(Platts et al., 2019; Weiskopf et al., 2020.)
Climate change is driving large-scale shifts in species distribution. A study of invertebrates in the UK, including bees, butterflies, dragonflies, grasshoppers, beetles, hoverflies, spiders and wasps, found them moving north at an average rate of almost two kilometres a year (Platts et al., 2019). This is happening in other countries too. Over half of plant and animal species in temperate North America have moved their ranges, moving away from the hotter edge and expanding further into the cooler edge (Weiskopf et al., 2020).
Mammals in the UK
In a comprehensive review of the status of mammals in Britain, the population size, range, temporal trends and prospects of Britain’s 58 terrestrial mammals were assessed. The report analysed more than one-and-a-half million mammal sightings from all over Britain, many by volunteers and citizen scientists. They found that at least one in five wild mammals in Britain face a high risk of extinction within a decade and overall populations are declining (Mathews et al., 2018).
Most at risk, this review says, are the Scottish wildcat and black rat (which may already be extinct) and also in decline are hedgehogs and water voles. The number of hedgehogs in Britain is estimated to be around half a million, but this is very uncertain. What we do know for certain is that there are a lot less than there used to be! The same goes for water voles with an estimated 132,000 individuals left in Britain (Mathews et al., 2018). The report says there was only a single male greater mouse-eared bat left who was last seen living alone in a railway tunnel in West Sussex. The most numerous species was the field vole at 60 million, followed by the mole, at 41 million (Mathews et al., 2018). Easily outnumbered by the 1.1 billion chickens slaughtered for meat in the UK every year.
In 2020, the Red List for British Mammals was produced by the Mammal Society on behalf of Natural England, Natural Resources Wales, Scottish Natural Heritage (NatureScot) and the Joint Nature Conservation Committee. Following the same IUCN Red List criteria, it revealed that 11 of the 47 mammals native to Britain are on the brink of extinction, while a further five species are classified as near threatened (Mammal Society, 2020).
Ancient woodland in the UK depleted
Much of the environmental degradation seen globally has resulted from agricultural expansion and intensification, particularly at the expense of woodland (Foley et al., 2011). There has been a small increase in the amount of woodland cover in the UK over the past few decades, but the trend for ancient woods and wildlife found there, is in steep decline (Reid et al., 2021).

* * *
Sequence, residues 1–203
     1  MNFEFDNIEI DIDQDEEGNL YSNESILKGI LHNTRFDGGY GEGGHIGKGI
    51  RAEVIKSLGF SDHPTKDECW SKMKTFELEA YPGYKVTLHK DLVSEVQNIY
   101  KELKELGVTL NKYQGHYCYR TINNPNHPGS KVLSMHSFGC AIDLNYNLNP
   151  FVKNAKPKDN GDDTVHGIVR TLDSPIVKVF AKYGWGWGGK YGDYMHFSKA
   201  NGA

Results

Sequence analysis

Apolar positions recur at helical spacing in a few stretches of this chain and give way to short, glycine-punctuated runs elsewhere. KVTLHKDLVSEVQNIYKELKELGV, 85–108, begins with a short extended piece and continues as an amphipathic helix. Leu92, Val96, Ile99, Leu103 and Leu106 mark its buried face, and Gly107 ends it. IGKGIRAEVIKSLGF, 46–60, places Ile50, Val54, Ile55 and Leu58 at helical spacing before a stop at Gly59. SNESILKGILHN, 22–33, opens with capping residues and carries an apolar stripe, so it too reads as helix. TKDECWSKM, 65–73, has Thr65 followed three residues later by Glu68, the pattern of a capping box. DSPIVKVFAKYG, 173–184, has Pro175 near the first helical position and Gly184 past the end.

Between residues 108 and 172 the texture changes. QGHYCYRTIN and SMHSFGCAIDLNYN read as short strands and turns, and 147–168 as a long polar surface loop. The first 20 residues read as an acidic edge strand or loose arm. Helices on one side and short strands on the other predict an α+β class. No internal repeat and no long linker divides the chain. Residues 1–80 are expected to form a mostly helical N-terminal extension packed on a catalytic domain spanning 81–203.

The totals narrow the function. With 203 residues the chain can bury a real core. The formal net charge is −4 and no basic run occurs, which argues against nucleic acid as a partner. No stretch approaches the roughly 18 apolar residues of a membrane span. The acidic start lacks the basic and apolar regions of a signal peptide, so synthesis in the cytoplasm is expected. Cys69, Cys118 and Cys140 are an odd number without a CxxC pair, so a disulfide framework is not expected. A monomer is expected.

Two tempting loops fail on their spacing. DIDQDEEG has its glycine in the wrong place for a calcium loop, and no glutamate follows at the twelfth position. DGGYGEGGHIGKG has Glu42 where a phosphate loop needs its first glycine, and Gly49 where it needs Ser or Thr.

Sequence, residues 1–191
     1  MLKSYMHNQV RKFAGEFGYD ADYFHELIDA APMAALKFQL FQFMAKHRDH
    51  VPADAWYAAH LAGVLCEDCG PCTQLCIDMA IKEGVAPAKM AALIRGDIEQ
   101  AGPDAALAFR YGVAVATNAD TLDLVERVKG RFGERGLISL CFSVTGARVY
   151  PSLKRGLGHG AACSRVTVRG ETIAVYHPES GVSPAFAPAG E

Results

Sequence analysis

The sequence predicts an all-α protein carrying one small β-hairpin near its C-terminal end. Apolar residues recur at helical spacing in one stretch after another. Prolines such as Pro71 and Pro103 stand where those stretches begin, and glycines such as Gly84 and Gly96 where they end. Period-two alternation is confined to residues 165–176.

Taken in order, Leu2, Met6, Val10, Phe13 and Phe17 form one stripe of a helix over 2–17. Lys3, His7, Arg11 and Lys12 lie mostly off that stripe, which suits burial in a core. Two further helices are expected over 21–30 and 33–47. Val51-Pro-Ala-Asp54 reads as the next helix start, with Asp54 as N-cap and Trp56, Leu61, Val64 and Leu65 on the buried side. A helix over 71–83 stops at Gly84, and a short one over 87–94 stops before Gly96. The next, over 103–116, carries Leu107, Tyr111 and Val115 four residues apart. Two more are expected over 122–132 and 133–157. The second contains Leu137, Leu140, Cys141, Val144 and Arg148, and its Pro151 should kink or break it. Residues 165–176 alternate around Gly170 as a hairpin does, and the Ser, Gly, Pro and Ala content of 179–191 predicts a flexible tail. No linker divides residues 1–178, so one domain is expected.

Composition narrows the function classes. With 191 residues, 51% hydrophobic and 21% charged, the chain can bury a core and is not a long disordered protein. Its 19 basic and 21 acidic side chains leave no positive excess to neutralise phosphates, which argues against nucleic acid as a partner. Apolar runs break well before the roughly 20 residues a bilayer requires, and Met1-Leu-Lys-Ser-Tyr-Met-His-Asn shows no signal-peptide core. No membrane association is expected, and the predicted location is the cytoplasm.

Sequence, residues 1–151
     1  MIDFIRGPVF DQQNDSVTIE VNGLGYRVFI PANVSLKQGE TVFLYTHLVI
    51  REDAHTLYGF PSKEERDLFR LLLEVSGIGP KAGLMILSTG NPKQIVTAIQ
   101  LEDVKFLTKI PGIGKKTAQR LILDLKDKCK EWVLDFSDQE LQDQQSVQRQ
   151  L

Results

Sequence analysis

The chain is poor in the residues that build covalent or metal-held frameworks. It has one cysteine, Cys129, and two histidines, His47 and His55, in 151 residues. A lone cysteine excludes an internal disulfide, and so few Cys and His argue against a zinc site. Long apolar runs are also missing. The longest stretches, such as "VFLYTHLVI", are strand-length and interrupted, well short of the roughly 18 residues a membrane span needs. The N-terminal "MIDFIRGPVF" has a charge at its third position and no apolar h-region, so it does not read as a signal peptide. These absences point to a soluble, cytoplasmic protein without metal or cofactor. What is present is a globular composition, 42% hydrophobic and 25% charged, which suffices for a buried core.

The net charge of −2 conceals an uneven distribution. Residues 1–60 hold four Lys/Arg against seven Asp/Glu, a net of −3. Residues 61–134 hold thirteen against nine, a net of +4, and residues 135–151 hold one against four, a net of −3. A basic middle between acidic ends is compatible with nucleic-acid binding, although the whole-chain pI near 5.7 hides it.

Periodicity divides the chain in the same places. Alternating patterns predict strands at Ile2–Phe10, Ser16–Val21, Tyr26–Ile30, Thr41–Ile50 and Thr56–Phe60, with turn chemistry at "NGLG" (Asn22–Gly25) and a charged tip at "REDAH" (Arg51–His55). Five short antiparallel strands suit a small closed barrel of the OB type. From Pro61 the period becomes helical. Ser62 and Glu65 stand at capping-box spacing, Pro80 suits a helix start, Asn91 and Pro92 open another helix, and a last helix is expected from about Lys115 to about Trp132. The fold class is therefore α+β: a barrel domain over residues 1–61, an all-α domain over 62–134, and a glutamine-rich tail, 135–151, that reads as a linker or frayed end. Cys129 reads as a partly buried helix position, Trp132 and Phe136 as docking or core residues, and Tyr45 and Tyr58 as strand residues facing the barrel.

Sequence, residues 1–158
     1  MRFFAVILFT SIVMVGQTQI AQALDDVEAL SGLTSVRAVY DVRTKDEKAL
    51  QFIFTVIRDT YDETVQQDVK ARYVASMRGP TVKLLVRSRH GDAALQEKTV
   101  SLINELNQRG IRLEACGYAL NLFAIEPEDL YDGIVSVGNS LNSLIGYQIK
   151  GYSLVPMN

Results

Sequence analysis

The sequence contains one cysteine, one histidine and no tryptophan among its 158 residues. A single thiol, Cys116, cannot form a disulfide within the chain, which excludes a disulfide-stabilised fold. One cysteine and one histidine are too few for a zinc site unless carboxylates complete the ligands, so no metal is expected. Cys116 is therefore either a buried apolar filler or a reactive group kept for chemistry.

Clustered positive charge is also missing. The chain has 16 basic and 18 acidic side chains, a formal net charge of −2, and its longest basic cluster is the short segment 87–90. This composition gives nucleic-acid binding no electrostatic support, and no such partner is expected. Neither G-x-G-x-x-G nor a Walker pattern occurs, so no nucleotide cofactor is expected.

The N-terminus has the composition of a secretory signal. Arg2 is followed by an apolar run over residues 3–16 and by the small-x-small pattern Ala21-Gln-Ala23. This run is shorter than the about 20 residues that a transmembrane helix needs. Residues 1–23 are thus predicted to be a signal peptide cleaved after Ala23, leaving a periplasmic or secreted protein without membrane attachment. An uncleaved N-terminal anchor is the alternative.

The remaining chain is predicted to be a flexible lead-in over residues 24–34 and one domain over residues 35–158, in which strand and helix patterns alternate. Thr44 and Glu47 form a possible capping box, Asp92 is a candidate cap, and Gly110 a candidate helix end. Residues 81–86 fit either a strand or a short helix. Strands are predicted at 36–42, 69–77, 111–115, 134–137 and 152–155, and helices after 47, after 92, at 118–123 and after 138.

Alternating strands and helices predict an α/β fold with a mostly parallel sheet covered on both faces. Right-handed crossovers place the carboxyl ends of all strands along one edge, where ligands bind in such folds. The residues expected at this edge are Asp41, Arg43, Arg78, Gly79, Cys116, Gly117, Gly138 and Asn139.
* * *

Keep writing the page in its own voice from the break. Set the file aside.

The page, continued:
Ancient woods are areas of woodland that have persisted since 1600 in England and Wales, and 1750 in Scotland (when maps started to be used). They may include semi‐natural woodland that has been planted with non-native conifers, but which retain features of their original habitat such as ground, herb and shrub layer communities and unploughed, unimproved soil (Swallow et al., 2020).
They are unique and complex communities of delicate fungi, rare mosses and special flowering plants that only thrive in ancient woodland. They are the richest and most complex terrestrial habitat in the UK – home to more threatened species than any other. Certain ecological indicator species show that a site has been wooded for a long time. These include, for example, lichens, bluebells, wild garlic and hart’s tongue ferns (Woodland Trust, 2020).
Once vast, ancient woodlands now cover just 2.4 per cent of the UK land area. Around half of what remains has been cut down and replanted with non-native conifers and even more is under threat from development, overgrazing and air pollution. In their 2021 report, State of the UK’s Woods and Trees, the Woodland Trust says that the climate crisis is changing the timing of seasonal events, with trees coming into leaf earlier. This means birds, such as the blue tit, are struggling to adjust their breeding times to feed on caterpillars.
Just 7% of Britain’s native woodlands are currently in good ecological condition
(Reid et al., 2021.)
The Woodland Trust says: “Over 1,225 ancient woods across the UK are under threat from development while during the last 21 years at least 981 have been permanently lost or damaged.”
The main threats, they say, include the growing number of road and rail infrastructure projects (such as HS2), local authorities and developers chopping down trees for new developments and an increase in the amount of intensive ammonia-releasing farming activities such as pig and poultry farms, which can affect ancient woodland over a wide range (Woodland Trust, 2020).